For now, the stock market is partying like the good times are back and will never end.
But we all know that at some point a recession is coming and with it a bear market.
|3-Month Treasury Yield||0.53%|
|2-Year Treasury Yield||2.45%|
|10-Year Treasury Yield||2.40%|
|10-3M Curve (Most Accurate Recession Forecasting Tool)||1.87%|
|10-2 Curve (Most Popular Yield Curve Followed By Wall Street)||-0.04%|
|Potential Historically Average Recession Start If Curve Inverts Now (Curve Inverted March 31st)||October 31st, 2023|
|Potential Historically Average Bear Market Start If Curve Inverts Now (Curve Inverted March 31st)||September 8th, 2023|
|Potential Historically Average Bear Market Bottom (Curve Inverted March 31st)||September 8th, 2024|
|Potential Historically Average New Record High (Curve Inverted March 31st)||December 8th, 2025|
(Source: DK S&P 500 Valuation & Total Return Tool) NOT For Market Timing Purposes, updated from a previous article
The 10-2 curve is the most closely watched by Wall Street but a study from the NY Fed finds that the 10-3 curve is the most accurate at forecasting recessions.
The good news is that the 3m-10yr curve is quite steep at the moment, and so the NY Fed estimates a 6% chance of a recession in the next year.
The St. Louis Fed’s model, based on four economic metrics, estimates a 0.0% chance we’re in a recession right now.
Currently, the bond market is mildly concerned about recession risk and we are monitoring the situation closely each day and week.
The important thing to remember is that yield curves don’t directly cause recessions, they are an indicator of tightening financial conditions that usually result in deteriorating economic fundamentals.
At the moment the economic fundamentals are strong, with the average of 18 leading indicators 20% above their historical baseline.
As you can see, this means the economic data agree with the NY Fed’s model, there is little risk of a recession over the next year.
Further good news is that even if we get a recession in 2023 or 2024, the stock market is likely to keep rising for some time.
Historically, stocks keep rising a median of 21% for 18.5 months following a 2-10 yield curve inversion, peaking right before the recession begins.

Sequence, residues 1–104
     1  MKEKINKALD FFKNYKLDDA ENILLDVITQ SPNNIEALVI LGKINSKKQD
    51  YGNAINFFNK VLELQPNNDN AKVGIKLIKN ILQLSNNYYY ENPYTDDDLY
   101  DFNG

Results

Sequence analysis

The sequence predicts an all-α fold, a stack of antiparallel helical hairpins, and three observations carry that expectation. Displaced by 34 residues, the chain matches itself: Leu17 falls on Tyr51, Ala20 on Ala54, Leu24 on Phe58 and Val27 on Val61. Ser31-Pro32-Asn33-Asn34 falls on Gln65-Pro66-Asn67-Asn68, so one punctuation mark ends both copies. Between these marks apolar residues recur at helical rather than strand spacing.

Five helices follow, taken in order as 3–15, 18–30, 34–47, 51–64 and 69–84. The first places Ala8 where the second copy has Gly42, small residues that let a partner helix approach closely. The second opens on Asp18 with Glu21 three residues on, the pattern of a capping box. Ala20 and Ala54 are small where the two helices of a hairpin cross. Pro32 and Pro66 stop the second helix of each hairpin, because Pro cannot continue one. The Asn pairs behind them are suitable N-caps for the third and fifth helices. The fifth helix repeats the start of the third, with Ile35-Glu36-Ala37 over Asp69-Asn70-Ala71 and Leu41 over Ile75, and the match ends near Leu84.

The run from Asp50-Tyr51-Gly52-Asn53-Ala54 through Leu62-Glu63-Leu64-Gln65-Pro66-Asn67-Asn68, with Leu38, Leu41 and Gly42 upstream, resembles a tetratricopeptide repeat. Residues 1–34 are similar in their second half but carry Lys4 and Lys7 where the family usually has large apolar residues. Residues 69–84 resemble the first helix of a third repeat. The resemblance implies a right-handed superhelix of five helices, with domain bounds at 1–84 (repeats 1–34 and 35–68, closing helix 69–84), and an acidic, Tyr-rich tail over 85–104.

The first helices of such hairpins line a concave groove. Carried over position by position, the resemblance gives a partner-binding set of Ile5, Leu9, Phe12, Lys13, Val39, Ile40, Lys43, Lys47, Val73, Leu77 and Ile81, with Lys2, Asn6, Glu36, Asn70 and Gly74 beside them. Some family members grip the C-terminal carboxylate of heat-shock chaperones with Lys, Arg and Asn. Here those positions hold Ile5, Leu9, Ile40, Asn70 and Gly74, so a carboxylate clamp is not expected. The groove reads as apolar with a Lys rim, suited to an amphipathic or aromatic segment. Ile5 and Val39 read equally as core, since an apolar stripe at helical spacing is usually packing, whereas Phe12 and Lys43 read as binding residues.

So what does this potentially mean for investors?
Assuming the historically average recession and bear market start times:
As you can see we likely have a very long time before a bear market is historically likely to begin, assuming we even get a recession at all.
- the Fed’s track record on soft landings is 3/12 so not great
- the 2-10 yield curve’s track record of forecasting recessions within 2 years is 5/6
Why You Should NEVER Try To Time The Market
Given the yield-curve inversion and rising 2023 and 2024 recession risk, why not just stick with high volatility stocks until September 2023 and then sell everything and wait for a bear market bottom?
After all, with the average recessionary bear market a 36% decline, this sounds like a pretty reasonable way to minimize market pain and maximize gain right?
If past history was all that is needed to play the game of money, the richest people would be librarians.” – Warren Buffett
Actually, it’s not at all reasonable, it’s the 2nd most dangerous thing investors can do.
According to Buffett, Munger, JPMorgan, Dalbar, Bank of America, RIA, and many others, here are the only two ways a smart person can ever go broke.
- market timing
Here is what the average investor’s attempts at marketing timing go them over the last 20 years.
- 0.8% annual real returns vs 5.4% for the S&P 500 and 3.8% for a 40% stock 60% bond portfolio
- 17% inflation-adjusted returns over 20 years
- compared to 187% inflation-adjusted S&P 500 returns
- That’s 96% lower real returns over half an investing lifetime…the true cost of market timing
And over the truly long-term market timing isn’t just a bad idea, it’s potentially a disastrous one.
According to Bank of America’s head of quantitative research:
- since 1926 the S&P 500’s inflation-adjusted returns are 1,150X
- missing just 10 of the market’s best single-day gains in each decade resulted in a 94% inflation-adjusted loss
- 98% of short-term traders lose money
- 97% of long-term buy and hold investors make money
If you think you can time the market, think again. The odds are so outrageously against you that it makes betting your life savings on a single hand of blackjack seem low-risk by comparison.
So why do I point out the increased risks of a recessionary bear market in 2023?
So we can prepare, emotionally, and…